Constitution Daily

Smart conversation from the National Constitution Center

The Slaughterhouse Cases: Interpreting the Reconstruction Amendments

October 19, 2015 by Jonathan Stahl


"In the Slaughter House" by Lovis Corinth (credit: Wikimedia Commons)


Note: Landmark Cases, C-SPAN’s new series on historic Supreme Court decisions—produced in cooperation with the National Constitution Center—continues on Monday, Oct. 19th at 9pm ET. This week’s show features the Slaughterhouse Cases.


The originally intended meaning of various constitutional clauses is a source of constant discussion among scholars and jurists. These debates are complicated, in part, because of how long ago these clauses and amendments were drafted. Simply asking the framers is not an option.


When the Supreme Court heard the Slaughterhouse Cases in 1873, they were tasked with interpreting the meaning and scope of the Reconstruction Amendments passed after the Civil War. Although the 13th and 14th Amendments were ratified only five years earlier, the Court adopted a contentious reading of the Privileges or Immunities Clause of the 14th Amendment. This interpretation altered the trajectory of constitutional law.


In 1869, the Louisiana state legislature granted a monopoly to the Crescent City Livestock Landing & Slaughterhouse Company, and mandated that all other livestock slaughtering businesses in the New Orleans area either shut down or pay to work on the Crescent City premises. Louisiana justified this monopoly under its police power to make laws that promote the “safety, health, welfare and morals” of its citizens. State officials explained that centralizing meat production would increase the welfare of both workers and consumers through the labor and health standards enforced at the Crescent City slaughterhouse.


Butchers in the New Orleans area objected to the mandate, saying that the law made doing business for them too costly and deprived them of their livelihoods. These butchers sued Louisiana and argued that the state-sanctioned monopoly infringed on their newly ratified 13th and 14th Amendment rights.


They argued that being forced to pay the Crescent City slaughterhouse to maintain their livelihoods amounted to involuntary servitude. Furthermore, the butchers argued that the law infringed on citizens’ “privileges or immunities” and deprived individuals of property without “due process of law.” The Court was thus asked to decide the scope and meaning of the newly passed amendments while their ratification was “fresh within the memory of us all.”


Writing for the Court, Justice Samuel Miller quickly dismissed the butcher’s claims regarding due process and involuntary servitude. He said that “under no construction” of the Due Process Clause is the Louisiana statute impermissible. He also explained that since the intention of the 13th Amendment was clearly to end African-American slavery, it would be improper to understand this alleged deprivation of livelihood as covered by the amendment.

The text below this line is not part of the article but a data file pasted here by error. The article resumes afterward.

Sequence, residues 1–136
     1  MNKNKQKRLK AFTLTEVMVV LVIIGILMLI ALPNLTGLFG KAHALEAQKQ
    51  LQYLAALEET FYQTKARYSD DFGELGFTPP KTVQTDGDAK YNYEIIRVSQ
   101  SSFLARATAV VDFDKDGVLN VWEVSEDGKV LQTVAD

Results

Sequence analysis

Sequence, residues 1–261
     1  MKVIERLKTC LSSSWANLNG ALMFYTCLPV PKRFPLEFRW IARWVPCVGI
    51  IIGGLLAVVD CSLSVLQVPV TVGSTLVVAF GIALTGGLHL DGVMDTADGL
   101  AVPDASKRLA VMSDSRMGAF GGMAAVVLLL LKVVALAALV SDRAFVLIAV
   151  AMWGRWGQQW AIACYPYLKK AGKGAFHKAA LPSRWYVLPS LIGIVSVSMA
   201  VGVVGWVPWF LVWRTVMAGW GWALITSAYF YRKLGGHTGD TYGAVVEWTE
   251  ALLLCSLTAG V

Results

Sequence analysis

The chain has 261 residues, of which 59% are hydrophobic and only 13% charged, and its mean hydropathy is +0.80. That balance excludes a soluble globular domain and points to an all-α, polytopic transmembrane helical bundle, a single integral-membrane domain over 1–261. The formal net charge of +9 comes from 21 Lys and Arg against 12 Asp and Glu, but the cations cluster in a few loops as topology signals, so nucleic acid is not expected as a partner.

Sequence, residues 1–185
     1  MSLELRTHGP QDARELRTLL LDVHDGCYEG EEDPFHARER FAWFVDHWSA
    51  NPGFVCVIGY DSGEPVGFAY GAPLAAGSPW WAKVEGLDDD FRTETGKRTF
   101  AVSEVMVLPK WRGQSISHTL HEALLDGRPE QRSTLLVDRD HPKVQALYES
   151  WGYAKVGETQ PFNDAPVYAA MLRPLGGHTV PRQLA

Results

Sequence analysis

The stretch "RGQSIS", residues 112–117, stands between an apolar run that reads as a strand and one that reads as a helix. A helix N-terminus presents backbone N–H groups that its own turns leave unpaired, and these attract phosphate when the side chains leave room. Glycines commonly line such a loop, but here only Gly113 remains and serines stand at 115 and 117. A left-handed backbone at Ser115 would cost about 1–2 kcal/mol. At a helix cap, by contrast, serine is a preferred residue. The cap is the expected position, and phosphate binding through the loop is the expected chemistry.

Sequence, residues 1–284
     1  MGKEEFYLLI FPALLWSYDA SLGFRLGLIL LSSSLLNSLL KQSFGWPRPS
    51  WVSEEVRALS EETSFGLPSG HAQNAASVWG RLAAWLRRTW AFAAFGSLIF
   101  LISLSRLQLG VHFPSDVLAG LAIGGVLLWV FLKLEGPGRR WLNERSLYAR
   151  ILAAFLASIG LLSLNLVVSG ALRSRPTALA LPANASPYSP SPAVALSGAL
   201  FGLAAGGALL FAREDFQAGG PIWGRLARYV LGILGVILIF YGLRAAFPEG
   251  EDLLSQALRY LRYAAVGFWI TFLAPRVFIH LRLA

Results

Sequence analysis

Justice Miller then turned to the question of whether the butchers’ “privileges or immunities” were violated by the Louisiana statute. For guidance, Justice Miller looked to Article IV, which entitles “the Citizens of each State” to “all Privileges and Immunities of Citizens in the several States.” The 14th Amendment, on the other hand, guarantees protection of the “privileges or immunities of citizens of the United States.” [emphases added]


Miller reasoned that the two clauses protect different bundles of rights, with Article IV protecting the rights of state citizenship and the 14th Amendment protecting rights of national citizenship. The privileges and immunities of U.S. citizenship are narrow and only those specified in the Constitution, which include the right to freely travel throughout the states. Not included, Miller explained, is the right to one’s livelihood or be protected against a monopoly.


Through this narrow reading, Justice Miller effectively rendered the Privileges or Immunities Clause impotent—despite the fact that its drafter, Representative John Bingham of Ohio, had explained on the House floor that the clause was meant to give Congress the power to enforce the Bill of Rights against the states. Later, in Adamson v. California, Justice Hugo Black wrote that the historical record was clear that Bingham’s intention was to ensure that state governments could not violate the rights outlined in the first ten amendments.


By ruling that the 14th Amendment does not protect substantive rights, constitutional scholar Laurence Tribe has argued, the Court “incorrectly gutted” the Privileges or Immunities Clause.  His colleague Akhil Amar has echoed that assessment, declaring that “virtually no serious modern scholar—left, right and center—thinks that [Slaughterhouse] is a plausible reading of the [14th] Amendment.”


As a result of the Slaughterhouse Cases, the butchers in New Orleans were forced to deal with the monopoly granted to Crescent City Livestock. But the lasting outcome was a limited understanding of the Privileges or Immunities Clause. Instead, citizens would have to seek substantive rights protection under the 14th Amendment’s Due Process Clause—a strategy that continues today.


Jonathan Stahl is an intern at the National Constitution Center. He is also a senior at the University of Pennsylvania, majoring in politics, philosophy and economics.


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